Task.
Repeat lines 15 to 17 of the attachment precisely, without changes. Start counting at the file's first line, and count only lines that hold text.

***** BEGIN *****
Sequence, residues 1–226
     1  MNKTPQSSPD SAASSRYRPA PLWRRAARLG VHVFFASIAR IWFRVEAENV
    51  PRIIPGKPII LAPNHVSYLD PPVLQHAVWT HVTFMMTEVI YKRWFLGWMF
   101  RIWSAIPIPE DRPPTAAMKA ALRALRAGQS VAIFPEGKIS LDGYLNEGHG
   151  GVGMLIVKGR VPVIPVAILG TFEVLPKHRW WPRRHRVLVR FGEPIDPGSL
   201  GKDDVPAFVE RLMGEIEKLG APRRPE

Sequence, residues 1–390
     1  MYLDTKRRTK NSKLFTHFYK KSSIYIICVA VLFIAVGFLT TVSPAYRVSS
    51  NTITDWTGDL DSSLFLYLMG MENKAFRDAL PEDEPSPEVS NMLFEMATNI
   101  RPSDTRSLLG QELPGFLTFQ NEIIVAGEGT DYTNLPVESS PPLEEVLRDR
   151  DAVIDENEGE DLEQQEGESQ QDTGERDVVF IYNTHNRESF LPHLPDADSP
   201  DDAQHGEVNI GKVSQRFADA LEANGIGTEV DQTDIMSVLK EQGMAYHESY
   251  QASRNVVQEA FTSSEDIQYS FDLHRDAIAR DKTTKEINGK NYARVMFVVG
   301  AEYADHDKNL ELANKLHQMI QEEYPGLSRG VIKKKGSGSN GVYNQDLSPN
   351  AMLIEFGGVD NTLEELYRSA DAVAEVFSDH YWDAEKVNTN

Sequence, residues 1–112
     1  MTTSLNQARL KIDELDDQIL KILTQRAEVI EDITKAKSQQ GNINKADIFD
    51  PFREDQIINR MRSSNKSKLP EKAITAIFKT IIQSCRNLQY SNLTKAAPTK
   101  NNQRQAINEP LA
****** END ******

   351  AMLIEFGGVD NTLEELYRSA DAVAEVFSDH YWDAEKVNTN

Sequence, residues 1–112
     1  MTTSLNQARL KIDELDDQIL KILTQRAEVI EDITKAKSQQ GNINKADIFD